Here’s what happens to Queen Elizabeth’s dogs

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The longest-reining monarch in the history of the United Kingdom – her majesty Queen Elizabeth II – has sadly passed away, on Thursday, at age 96. She enjoyed a huge popularity during her reign that lasted over 70 years, and now she leaves behind not only a nation and a heartbroken family, but also her loyal dogs!

PA Wire Photographer

Queen Elizabeth has always been great fond of dogs, especially corgis whom she considered family. “My corgis are my family,” her majesty used to say! She has – so frequently – been photographed alongside her beloved dogs.

“She loves animals and she absolutely adores dogs,” the royal biographer Ingrid Seward wrote. “She always has done, they were her first love and they will be her last.”

ANWAR HUSSEIN

At the time of her passing, the Queen had four dog – 2 Pembroke Welsh Corgis(her very favorite breed) Muick and Sandy, a Cocker Spaniel – Lissy and a Dorgi(a Corgi-Dachshund mix) named Candy.

Now, with the Queen gone, the dogs, or the corgis at least, will be adopted by the the Duke and Duchess of York, Prince Andrew and Sarah Ferguson(his ex-wife), CNN reports. It was Andrew that gifted the corgis to his mother.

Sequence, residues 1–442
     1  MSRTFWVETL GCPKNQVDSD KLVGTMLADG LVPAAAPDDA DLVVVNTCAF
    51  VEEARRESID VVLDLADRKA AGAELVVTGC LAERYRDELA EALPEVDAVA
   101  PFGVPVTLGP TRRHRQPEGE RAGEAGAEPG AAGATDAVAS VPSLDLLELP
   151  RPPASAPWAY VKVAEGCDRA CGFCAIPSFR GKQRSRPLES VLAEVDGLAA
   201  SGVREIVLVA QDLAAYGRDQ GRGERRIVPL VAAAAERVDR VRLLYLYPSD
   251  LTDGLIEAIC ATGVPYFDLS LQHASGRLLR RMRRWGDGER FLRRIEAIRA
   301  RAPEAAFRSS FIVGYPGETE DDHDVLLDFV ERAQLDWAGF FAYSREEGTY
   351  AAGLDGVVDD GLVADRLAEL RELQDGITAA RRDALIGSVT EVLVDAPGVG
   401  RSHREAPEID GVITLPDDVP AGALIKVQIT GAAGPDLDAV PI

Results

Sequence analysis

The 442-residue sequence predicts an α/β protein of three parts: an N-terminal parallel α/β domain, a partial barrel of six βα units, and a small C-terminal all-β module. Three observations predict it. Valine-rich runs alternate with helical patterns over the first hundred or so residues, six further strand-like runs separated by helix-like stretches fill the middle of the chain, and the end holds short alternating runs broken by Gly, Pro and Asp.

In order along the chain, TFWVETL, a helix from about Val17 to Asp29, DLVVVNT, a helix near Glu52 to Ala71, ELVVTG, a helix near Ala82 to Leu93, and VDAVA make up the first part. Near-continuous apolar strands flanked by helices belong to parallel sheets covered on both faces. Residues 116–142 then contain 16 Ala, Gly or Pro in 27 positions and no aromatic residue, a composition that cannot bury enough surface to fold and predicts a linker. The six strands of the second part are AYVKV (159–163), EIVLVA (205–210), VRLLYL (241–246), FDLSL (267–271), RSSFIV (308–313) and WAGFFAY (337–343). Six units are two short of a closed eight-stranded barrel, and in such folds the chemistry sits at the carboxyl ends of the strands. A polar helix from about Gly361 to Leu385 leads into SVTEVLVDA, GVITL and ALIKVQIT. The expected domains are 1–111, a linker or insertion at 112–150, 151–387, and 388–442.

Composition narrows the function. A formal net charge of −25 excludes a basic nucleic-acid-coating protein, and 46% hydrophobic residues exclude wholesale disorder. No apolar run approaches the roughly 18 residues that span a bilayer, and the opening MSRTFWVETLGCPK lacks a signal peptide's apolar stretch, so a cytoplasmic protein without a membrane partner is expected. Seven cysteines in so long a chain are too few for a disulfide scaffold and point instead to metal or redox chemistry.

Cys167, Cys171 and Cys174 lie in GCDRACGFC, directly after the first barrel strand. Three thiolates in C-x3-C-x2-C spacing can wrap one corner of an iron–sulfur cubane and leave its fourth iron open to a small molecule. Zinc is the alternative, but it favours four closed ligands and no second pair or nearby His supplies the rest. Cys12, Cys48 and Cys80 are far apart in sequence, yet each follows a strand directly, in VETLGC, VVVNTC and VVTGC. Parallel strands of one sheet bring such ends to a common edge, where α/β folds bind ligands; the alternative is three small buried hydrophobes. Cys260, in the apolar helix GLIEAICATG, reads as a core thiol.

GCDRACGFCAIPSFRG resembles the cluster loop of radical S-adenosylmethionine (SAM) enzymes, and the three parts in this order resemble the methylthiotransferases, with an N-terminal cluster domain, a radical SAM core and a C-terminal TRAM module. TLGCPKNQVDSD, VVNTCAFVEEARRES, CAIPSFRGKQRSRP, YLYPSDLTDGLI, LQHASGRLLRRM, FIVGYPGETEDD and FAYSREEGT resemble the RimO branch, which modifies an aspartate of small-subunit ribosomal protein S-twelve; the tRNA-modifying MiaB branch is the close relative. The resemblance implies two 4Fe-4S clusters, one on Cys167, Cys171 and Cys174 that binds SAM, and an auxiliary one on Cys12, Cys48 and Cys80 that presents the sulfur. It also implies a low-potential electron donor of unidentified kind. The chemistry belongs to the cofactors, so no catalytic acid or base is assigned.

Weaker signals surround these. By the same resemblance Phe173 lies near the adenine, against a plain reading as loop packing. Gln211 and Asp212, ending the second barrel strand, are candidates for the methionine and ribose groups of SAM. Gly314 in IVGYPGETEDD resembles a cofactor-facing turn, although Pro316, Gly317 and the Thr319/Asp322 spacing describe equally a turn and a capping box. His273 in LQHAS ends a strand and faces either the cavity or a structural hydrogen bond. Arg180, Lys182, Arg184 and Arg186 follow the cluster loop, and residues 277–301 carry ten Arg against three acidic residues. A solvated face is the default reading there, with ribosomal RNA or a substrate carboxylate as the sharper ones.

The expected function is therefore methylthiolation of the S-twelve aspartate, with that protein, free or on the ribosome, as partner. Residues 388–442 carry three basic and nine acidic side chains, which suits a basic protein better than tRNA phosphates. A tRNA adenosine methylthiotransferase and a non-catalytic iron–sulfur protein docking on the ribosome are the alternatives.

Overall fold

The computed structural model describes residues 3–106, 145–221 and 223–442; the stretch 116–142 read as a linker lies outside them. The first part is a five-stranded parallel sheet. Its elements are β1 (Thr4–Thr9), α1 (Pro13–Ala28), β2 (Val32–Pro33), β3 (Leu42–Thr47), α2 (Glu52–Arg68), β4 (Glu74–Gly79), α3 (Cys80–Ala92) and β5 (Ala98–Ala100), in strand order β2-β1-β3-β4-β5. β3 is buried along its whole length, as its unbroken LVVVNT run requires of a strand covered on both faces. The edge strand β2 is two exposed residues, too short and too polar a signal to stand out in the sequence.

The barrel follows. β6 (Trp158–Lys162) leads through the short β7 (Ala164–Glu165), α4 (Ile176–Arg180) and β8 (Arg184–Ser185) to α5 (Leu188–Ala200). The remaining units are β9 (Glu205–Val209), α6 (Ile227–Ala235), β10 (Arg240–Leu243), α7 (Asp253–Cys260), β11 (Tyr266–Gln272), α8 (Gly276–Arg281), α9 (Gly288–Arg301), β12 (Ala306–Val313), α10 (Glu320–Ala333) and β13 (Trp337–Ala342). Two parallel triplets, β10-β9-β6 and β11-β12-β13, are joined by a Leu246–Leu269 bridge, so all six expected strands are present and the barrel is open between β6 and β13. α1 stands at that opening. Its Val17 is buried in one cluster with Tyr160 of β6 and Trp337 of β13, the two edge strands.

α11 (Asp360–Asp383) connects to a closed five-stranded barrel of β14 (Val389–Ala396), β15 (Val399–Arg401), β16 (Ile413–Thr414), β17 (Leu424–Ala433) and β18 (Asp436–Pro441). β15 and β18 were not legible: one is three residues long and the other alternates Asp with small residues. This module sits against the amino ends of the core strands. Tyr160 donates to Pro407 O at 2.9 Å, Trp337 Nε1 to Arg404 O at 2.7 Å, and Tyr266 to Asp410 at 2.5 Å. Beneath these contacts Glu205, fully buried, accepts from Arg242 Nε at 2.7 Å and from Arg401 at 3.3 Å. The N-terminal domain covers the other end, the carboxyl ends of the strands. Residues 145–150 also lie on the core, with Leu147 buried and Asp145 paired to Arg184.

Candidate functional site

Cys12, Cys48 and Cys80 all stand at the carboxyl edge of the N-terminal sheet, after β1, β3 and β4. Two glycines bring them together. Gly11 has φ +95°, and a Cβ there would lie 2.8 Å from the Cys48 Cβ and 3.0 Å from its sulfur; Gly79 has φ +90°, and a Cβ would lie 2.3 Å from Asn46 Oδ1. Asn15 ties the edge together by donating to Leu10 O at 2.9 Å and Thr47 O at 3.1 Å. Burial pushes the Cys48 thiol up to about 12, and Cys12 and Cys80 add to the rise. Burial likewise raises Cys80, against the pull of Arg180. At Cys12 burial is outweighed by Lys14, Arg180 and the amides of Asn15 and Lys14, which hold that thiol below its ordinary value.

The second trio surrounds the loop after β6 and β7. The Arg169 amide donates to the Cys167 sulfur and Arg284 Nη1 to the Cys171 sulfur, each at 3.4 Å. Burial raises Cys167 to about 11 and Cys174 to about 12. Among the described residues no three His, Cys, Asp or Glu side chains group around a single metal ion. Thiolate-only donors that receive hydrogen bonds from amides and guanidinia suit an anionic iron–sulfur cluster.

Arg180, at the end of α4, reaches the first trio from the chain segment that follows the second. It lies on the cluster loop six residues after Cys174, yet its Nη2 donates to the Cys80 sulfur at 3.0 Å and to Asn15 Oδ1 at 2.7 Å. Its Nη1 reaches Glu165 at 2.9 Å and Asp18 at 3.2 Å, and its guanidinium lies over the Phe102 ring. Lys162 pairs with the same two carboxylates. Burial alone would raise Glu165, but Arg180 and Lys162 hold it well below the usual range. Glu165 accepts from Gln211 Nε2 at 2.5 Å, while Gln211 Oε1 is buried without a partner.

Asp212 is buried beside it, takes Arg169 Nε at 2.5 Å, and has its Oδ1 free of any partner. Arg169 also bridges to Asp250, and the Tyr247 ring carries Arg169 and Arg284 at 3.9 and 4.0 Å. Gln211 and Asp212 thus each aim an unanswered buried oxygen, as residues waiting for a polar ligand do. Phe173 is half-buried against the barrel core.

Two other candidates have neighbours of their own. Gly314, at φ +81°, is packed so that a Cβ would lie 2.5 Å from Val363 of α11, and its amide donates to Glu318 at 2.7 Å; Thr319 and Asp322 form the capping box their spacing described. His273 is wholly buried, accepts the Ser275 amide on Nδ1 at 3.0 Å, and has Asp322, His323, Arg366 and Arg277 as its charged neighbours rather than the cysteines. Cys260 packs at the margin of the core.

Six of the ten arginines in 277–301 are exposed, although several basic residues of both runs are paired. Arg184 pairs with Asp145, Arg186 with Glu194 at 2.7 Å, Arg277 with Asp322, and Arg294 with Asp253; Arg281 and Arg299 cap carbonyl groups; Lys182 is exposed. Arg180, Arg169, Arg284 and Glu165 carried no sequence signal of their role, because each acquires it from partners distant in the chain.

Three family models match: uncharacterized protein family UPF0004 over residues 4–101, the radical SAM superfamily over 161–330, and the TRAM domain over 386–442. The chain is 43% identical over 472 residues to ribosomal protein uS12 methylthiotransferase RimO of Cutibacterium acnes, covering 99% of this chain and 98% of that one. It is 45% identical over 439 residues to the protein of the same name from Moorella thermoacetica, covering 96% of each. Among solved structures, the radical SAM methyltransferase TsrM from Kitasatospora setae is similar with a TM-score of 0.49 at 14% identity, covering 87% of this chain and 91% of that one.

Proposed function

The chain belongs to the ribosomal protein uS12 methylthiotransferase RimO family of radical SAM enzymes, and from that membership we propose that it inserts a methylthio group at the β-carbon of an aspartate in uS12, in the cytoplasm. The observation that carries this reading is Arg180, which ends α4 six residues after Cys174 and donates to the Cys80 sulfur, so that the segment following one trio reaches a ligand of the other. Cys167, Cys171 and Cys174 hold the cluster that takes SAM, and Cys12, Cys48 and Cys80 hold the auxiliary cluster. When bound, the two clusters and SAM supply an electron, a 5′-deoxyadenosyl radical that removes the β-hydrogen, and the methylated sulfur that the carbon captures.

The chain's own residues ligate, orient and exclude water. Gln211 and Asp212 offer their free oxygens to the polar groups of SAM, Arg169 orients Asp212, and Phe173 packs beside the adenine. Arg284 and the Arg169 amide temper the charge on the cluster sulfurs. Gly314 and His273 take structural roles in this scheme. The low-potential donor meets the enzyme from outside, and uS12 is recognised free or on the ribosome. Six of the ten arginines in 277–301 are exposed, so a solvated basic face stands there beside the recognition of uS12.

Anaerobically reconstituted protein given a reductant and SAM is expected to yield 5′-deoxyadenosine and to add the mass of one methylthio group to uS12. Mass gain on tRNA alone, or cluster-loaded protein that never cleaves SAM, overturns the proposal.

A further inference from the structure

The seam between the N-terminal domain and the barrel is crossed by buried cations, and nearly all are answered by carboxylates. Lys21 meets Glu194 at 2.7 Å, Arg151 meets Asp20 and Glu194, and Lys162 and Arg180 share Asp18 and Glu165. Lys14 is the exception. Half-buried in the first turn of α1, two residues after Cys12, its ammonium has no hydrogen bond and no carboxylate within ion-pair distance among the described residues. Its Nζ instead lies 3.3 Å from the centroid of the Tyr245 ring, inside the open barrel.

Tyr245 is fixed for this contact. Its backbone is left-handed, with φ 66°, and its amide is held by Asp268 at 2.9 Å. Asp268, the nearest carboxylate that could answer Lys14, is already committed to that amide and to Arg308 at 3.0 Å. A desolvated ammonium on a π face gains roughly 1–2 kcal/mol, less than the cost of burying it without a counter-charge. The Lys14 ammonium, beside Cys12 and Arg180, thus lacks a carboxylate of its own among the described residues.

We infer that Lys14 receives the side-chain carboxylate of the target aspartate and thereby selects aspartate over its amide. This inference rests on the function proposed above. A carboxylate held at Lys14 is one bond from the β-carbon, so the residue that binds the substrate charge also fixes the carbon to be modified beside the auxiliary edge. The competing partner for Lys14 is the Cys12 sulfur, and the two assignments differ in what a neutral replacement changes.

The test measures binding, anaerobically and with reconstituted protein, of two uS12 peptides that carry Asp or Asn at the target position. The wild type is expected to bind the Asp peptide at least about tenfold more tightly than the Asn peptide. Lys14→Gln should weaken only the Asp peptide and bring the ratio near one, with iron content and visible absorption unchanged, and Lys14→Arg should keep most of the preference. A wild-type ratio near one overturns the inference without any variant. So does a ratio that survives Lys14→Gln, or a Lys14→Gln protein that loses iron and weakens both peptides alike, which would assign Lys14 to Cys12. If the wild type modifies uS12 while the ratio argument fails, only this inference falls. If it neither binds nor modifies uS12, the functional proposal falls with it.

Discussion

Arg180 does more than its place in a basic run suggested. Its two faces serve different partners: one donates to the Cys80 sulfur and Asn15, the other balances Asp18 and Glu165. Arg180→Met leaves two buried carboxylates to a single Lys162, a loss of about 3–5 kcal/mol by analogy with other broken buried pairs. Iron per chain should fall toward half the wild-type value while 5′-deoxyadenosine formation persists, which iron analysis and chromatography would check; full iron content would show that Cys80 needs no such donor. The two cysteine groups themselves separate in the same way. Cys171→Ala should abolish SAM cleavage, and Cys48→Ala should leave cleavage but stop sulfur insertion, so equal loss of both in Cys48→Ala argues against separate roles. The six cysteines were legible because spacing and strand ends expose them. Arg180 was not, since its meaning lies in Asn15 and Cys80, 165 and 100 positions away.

Anwar Hussein/Getty

They[the corgis]will return to live at Royal Lodge with the Duke and Duchess,” BBC reports. “It was the Duchess who found the puppies, which were gifted to Her Majesty by the Duke.”

LISA SHERIDAN

Queen Elizabeth II had over 30 dogs during her life. Susan was her first dog, a Pembroke Welsh Corgis who was a gift for her 18th anniversary. One of her many dogs – Willow – even featured alongside the Queen in the James Bond movie. The Queen’s great love for the corgis was motivated by their “energy and untamed spirit.”

Nick Almasan – Nick studied journalism at the University of Barcelona. He is well connected with major news agencies and travels around the globe to research various news facts. He is a perfect photographer and an appreciated publisher in our media group. He speaks fluent english and spanish.